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Perceptions of climate change and willingness to save energy related to flood experience

Nature Climate Change volume 1, pages 4649 (2011) | Download Citation

Abstract

One of the reasons that people may not take action to mitigate climate change is that they lack first-hand experience of its potential consequences. From this perspective, individuals who have direct experience of phenomena that may be linked to climate change would be more likely to be concerned by the issue and thus more inclined to undertake sustainable behaviours. So far, the evidence available to test this hypothesis is limited, and in part contradictory1,2,3,4. Here we use national survey data collected from 1,822 individuals across the UK in 2010, to examine the links between direct flooding experience, perceptions of climate change and preparedness to reduce energy use. We show that those who report experience of flooding express more concern over climate change, see it as less uncertain and feel more confident that their actions will have an effect on climate change. Importantly, these perceptual differences also translate into a greater willingness to save energy to mitigate climate change. Highlighting links between local weather events and climate change is therefore likely to be a useful strategy for increasing concern and action.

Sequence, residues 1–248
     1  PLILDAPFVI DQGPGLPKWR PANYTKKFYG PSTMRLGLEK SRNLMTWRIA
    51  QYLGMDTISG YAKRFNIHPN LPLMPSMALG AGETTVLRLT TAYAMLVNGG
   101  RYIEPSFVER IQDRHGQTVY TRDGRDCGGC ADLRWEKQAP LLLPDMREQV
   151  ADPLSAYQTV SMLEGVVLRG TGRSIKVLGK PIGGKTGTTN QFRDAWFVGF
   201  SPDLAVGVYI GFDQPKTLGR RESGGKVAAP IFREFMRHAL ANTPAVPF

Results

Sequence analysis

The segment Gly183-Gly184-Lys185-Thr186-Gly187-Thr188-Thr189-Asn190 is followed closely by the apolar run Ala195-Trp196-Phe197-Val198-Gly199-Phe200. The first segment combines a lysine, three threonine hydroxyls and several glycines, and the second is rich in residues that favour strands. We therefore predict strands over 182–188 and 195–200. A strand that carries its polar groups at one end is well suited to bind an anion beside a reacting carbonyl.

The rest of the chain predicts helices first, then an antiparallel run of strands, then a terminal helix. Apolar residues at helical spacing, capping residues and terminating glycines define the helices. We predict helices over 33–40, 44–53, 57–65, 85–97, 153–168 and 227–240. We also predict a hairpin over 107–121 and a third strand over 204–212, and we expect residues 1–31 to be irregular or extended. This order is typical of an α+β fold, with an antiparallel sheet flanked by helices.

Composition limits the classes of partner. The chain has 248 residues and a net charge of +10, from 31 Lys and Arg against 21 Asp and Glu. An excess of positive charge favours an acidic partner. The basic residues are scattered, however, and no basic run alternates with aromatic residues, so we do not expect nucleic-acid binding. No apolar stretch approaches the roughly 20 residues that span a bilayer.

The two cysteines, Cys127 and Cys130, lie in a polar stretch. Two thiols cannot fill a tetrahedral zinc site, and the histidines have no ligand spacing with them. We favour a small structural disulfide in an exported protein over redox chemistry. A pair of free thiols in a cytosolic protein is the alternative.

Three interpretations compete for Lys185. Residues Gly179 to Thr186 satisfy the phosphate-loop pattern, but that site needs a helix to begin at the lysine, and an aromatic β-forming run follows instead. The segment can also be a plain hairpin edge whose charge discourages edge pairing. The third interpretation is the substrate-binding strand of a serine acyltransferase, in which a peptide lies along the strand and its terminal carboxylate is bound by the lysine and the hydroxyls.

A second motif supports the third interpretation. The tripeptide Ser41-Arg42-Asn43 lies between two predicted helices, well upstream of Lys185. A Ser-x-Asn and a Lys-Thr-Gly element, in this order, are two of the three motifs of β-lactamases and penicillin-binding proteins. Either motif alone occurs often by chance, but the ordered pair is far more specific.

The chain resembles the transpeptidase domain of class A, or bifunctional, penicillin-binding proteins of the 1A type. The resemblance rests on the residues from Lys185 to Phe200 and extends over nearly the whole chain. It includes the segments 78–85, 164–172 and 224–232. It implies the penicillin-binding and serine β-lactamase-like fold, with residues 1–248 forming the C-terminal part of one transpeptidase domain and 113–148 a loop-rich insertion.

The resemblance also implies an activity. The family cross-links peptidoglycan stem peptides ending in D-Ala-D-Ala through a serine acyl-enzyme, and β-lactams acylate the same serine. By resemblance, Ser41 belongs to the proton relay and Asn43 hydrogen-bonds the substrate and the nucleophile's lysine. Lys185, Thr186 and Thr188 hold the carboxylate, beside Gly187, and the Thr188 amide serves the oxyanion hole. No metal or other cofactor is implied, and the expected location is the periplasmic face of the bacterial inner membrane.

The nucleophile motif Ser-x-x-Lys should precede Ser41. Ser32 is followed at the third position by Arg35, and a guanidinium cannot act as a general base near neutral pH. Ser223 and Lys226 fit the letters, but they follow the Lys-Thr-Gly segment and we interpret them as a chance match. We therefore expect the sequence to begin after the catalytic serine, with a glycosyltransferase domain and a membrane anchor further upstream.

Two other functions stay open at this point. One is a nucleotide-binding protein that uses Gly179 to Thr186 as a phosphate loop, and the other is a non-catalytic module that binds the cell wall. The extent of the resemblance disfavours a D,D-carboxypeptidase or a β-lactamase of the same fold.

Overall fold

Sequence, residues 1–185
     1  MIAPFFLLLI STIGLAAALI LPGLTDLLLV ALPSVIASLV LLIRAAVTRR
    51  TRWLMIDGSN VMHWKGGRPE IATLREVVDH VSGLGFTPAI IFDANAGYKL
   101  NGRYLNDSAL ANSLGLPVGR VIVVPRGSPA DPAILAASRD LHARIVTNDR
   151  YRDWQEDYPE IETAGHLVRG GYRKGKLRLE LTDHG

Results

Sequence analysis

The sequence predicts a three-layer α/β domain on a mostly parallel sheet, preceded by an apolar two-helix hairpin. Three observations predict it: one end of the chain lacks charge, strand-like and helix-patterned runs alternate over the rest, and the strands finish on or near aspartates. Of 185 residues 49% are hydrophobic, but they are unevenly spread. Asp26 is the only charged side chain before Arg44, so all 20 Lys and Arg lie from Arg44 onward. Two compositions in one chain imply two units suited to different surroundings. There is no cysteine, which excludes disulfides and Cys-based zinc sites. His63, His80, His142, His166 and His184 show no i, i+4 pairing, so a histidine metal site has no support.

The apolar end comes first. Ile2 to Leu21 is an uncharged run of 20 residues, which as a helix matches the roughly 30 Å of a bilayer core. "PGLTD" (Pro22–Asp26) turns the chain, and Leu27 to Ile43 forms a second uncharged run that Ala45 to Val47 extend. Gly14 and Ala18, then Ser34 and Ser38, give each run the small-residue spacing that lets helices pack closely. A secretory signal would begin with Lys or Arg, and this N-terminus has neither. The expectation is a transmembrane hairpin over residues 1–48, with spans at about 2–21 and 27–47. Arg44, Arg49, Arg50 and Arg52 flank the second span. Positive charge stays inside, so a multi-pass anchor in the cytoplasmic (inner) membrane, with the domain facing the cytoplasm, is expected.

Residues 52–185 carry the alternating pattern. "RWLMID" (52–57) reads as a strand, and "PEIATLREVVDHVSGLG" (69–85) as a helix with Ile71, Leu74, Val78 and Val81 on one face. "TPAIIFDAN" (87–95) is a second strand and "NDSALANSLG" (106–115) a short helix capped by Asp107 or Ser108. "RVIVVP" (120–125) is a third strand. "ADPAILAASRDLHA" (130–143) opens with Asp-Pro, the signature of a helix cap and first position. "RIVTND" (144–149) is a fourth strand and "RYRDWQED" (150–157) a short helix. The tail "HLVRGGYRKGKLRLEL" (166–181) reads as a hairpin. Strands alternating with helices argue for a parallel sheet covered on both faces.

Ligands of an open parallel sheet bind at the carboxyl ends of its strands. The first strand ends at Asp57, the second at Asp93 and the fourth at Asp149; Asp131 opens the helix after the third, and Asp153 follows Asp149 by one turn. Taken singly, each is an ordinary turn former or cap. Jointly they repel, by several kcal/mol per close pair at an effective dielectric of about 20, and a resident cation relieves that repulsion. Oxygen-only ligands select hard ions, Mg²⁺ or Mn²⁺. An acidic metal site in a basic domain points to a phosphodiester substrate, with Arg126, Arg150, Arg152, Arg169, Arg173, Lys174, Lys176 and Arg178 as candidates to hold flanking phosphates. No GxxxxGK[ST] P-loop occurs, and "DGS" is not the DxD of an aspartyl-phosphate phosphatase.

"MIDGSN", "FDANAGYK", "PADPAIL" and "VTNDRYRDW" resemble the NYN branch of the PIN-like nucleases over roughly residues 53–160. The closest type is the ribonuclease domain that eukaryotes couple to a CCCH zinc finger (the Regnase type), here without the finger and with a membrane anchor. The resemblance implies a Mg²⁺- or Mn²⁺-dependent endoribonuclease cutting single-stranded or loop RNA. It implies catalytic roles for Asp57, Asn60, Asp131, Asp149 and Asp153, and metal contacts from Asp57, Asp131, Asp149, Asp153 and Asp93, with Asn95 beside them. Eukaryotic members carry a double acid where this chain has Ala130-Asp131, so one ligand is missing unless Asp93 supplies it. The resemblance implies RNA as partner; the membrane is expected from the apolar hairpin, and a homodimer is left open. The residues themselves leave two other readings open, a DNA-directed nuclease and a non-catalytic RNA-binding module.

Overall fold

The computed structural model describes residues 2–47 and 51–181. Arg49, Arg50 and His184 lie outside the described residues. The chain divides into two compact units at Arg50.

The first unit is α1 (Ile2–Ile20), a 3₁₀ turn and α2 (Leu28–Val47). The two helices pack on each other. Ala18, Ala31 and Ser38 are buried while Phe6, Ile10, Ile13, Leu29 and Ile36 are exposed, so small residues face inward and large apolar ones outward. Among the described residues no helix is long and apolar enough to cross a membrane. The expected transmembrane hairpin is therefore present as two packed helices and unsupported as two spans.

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Acknowledgements

This research was supported by a research grant from the Economic and Social Research Council (RES-062-23-1134) as well as a Climate Change Leader Fellowship (RES-066-27-0013) and a major grant to the Understanding Risk research group from the Leverhulme Trust (F/00 407/AG). Further support was received from Horizon Digital Economy Research, RCUK grant (EP/G065802/1). The authors also wish to thank D. Venables, N. Vaughan and Ipsos MORI for assistance with the survey.

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Affiliations

  1. Horizon Digital Economy Research/School of Psychology, University of Nottingham, Nottingham NG7 2TU, UK

    • A. Spence
  2. Welsh School of Architecture/School of Psychology, Cardiff University, Cardiff CF10 3AT, UK

    • W. Poortinga
  3. Understanding Risk Research Group, School of Psychology, Cardiff University, Cardiff CF10 3AT, UK

    • C. Butler
    •  & N. F. Pidgeon

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Contributions

All authors contributed to the design of the survey used within the work presented. A.S., N.F.P. and W.P. organized and managed the data collection. A.S. analysed the data. A.S. led in writing the paper, developing this with input from all authors.

Competing interests

The authors declare no competing financial interests.

Corresponding authors

Correspondence to A. Spence or N. F. Pidgeon.

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DOI

https://doi.org/10.1038/nclimate1059

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